In the second half, Michael tells his own life story, including how his three favourite subjects at school (Geography, History and Comedy) have shaped his life, from ‘Monty Python’ to ‘Ripping Yarns’ and the many television travel series that have taken him all around the world, from the North Pole to North Korea.

With previously unseen footage and previously untold stories, Michael shows how comedy and adventure have been natural bedfellows during a rich and diverse career.

The tour will be supported by local bookshops and signed copies of his books will be available to buy. Erebus: the Story of a Ship will be published by Arrow in paperback on 30th May, price: £8.99.

UK Tour Dates

7 June, Bournemouth: Pavilion
8 June, Basingstoke: Anvil
9 June, Cambridge: Corn Exchange
20 June, Chesterfield: Winding Wheel
21 June, Milton Keynes: Theatre
22 June, London: Cadogan Hall
27 June, Bradford: Alhambra
28 June, Salford: Lowry – Lyric
4 July, Salisbury: City Hall
5 July, Reading: Hexagon
6 July, Portsmouth: Southsea Kings
7 July, Bath: Theatre Royal

About Michael Palin

Michael Palin has written and starred in numerous TV programmes and films, from Monty Python and Ripping Yarns to The Missionary and The Death of Stalin. He has also made several much-acclaimed travel documentaries taking him to the North and South Poles, the Sahara Desert, the Himalayas, Eastern Europe and Brazil.

His books include accounts of his journeys, novels (Hemingway’s Chair and The Truth) and several volumes of diaries. From 2009 to 2012 he was president of the Royal Geographical Society, and in 2013 he was made a BAFTA fellow.

Michael was appointed a Knight Commander of the Order of St Michael and St George in the 2019 New Year Honours’ List. He lives in North London with his wife Helen.

For more information visit the website at www.themichaelpalin.com

Beatrix Potter Stories

Where is Peter Rabbit?

Griff Rhys Jones

Hop onto your seats and immerse yourself in the magical world of Beatrix Potter. Watch with delight as your favourite stories and most beloved characters are brought to life on the stage in this theatrical spectacular, with beautifully handcrafted puppets, enchanting original songs and a sprinkle of magic.

Look out for the ferocious Mr. McGregor, reach heady heights with Jemima Puddle-Duck, do the laundry with Mrs. Tiggy-Winkle and of course, fall in love with the mischievous Peter Rabbit.

Opening at the Theatre Royal Haymarket on 3 April, the London season of Where is Peter Rabbit™? follows the hugely popular runs at the Old Laundry Theatre in Bowness-On-Windermere which premiered in June 2016 and has enthralled audiences and garnered rave reviews ever since.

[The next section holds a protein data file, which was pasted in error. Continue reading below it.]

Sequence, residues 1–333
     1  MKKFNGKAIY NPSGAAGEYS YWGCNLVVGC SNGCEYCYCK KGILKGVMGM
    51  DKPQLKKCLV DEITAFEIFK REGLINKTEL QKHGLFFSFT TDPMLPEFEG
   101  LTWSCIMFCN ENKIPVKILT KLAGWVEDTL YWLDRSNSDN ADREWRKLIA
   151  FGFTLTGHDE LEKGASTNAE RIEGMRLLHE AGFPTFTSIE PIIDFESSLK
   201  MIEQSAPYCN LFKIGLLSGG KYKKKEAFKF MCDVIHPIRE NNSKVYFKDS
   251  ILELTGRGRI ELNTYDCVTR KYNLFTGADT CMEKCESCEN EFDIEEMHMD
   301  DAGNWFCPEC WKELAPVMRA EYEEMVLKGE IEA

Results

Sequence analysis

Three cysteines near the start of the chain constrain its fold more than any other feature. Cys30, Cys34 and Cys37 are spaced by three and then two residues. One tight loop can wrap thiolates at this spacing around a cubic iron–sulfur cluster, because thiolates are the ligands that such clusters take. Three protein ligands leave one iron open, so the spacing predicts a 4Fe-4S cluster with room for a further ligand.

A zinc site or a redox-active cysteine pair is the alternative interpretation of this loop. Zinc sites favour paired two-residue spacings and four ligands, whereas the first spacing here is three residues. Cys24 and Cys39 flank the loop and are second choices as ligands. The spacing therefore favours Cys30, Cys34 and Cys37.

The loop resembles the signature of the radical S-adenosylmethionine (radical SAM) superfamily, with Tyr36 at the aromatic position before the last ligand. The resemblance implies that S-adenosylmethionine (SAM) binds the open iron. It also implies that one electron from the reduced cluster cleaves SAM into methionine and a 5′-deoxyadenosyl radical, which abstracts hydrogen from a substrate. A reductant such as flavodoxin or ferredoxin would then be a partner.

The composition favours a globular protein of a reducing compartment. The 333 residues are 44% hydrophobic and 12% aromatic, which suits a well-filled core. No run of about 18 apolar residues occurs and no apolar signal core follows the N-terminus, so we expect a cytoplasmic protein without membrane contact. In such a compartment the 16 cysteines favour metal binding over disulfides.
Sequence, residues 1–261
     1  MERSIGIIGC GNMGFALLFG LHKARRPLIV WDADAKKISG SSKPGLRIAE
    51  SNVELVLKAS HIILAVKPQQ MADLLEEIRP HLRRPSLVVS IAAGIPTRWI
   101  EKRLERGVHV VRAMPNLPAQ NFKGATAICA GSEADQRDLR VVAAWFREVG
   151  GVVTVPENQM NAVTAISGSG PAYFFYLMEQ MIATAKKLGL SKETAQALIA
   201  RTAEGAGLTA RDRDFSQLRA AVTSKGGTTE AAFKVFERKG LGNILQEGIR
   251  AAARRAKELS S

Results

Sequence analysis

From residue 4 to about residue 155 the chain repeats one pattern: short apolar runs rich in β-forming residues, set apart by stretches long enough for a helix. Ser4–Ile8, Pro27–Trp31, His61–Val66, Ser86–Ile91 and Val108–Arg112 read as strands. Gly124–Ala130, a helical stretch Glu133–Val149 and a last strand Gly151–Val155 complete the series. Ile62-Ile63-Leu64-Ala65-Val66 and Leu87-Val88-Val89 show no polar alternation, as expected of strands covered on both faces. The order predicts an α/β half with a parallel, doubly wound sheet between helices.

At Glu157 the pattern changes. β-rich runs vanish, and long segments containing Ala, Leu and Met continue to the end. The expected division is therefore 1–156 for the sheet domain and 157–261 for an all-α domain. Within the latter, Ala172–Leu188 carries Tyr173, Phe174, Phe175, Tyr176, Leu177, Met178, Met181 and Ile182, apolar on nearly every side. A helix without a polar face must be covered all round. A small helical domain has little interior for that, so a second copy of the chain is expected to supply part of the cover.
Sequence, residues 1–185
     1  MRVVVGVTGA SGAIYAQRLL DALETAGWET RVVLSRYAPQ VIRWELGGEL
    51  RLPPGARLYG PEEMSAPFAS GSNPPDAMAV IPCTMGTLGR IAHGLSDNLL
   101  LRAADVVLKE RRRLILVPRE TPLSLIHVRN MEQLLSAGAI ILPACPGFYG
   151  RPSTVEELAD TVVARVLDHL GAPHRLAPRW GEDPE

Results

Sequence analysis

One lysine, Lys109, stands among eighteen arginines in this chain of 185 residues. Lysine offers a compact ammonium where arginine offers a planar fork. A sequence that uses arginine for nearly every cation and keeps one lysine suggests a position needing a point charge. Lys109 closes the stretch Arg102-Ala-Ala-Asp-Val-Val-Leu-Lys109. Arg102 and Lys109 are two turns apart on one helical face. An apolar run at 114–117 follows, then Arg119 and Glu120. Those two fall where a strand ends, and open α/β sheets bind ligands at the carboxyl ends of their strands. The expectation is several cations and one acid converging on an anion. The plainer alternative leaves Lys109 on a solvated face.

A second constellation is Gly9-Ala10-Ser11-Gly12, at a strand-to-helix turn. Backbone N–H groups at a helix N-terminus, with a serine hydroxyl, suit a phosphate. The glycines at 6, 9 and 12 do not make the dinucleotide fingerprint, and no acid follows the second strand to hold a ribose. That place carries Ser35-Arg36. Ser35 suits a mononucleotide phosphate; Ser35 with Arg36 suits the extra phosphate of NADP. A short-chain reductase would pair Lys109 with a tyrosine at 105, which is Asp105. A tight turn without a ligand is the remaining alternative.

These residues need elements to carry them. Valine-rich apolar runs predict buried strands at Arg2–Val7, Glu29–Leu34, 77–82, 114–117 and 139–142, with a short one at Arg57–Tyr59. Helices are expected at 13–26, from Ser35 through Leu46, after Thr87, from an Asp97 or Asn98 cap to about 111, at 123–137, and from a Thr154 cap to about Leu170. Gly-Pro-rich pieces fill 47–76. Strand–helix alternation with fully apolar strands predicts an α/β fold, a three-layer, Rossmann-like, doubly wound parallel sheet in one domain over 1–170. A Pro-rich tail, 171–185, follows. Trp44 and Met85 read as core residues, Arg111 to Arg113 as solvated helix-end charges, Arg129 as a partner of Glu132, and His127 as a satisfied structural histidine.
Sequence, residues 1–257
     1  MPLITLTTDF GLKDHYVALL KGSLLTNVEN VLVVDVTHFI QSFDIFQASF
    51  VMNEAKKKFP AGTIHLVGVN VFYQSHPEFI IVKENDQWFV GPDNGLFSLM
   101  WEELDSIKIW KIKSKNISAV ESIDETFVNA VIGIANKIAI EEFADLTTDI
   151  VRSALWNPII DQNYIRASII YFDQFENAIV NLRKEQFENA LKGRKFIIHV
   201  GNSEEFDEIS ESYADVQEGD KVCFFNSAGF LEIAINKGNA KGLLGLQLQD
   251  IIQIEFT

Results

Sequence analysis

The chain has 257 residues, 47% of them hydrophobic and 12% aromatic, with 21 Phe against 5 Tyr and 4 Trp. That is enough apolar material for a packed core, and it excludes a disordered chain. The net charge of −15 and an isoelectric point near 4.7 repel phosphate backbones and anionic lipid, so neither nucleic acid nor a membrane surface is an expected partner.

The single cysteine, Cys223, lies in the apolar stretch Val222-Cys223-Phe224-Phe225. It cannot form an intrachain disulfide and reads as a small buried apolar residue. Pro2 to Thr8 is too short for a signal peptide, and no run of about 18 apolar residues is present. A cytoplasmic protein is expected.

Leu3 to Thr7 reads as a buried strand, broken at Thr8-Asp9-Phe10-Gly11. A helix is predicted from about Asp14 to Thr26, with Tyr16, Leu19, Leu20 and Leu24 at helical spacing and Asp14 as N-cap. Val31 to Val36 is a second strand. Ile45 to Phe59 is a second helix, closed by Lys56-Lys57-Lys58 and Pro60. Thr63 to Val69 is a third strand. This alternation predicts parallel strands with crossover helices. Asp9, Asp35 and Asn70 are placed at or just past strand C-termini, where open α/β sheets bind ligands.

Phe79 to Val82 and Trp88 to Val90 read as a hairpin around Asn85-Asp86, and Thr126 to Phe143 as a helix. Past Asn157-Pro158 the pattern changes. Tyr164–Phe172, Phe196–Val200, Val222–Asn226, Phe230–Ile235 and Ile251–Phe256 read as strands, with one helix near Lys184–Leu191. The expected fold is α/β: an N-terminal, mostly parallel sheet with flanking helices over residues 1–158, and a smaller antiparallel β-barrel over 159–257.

Prick up your ears to the delectable voices of Olivier Award-winning actor and comedian Griff Rhys Jones and BAFTA Award-winning actor and national treasure Miriam Margolyes. Marvel at the delightful dancing and entrancing set and shake your tail to the 14 joyful songs, with lyrics by one of Britain’s most beloved playwrights, Sir Alan Ayckbourn and music by Steven Edis.

Miriam Margolyes

Handed down from generation to generation, these classic stories hold a special place in our hearts, so whether a warm hug of nostalgia, or the perfect introduction to Beatrix Potter’s Tales, this is a truly charming production for the whole family to cherish and enjoy together.

Devised by Roger Glossop, and directed and choreographed by Sheila Carter, this innovative show combines live performance, projection and recording in a thoroughly interactive brand-new magical musical, entirely based on the original Tales by Beatrix Potter.

Griff Rhys Jones says, “The characters and the strange life of animals are so well observed by Beatrix Potter and not just in her beautiful illustrations. I don’t think we cherish things quite as much as we do children’s books, handed down like golden gems; and it’s remarkable to think that these stories are still so loved.”

Miriam Margolyes says, “The characters leap into your heart. There is a directness and a freshness that comes through the text and they will live for all time. It’s a window back into childhood.”

Thomas Merrington, Creative Consultant on behalf of Frederick Warne & Co said “We are so thrilled that this production of Where is Peter Rabbit? will be making it’s West End debut this Easter. Fans of all ages will fall in love with this beautiful production – it really brings the characters to life in the most charming way”.

Listings Information

Theatre Royal Haymarket London

Opening Performance: 3 April 2019, 11:00am

Press Performance: 9 April 2019, 1:00pm

Tickets: From £15

Box Office: 020 7930 8800

To book tickets for the show please visit www.peterrabbitlive.com

Photographs by Steve Finn.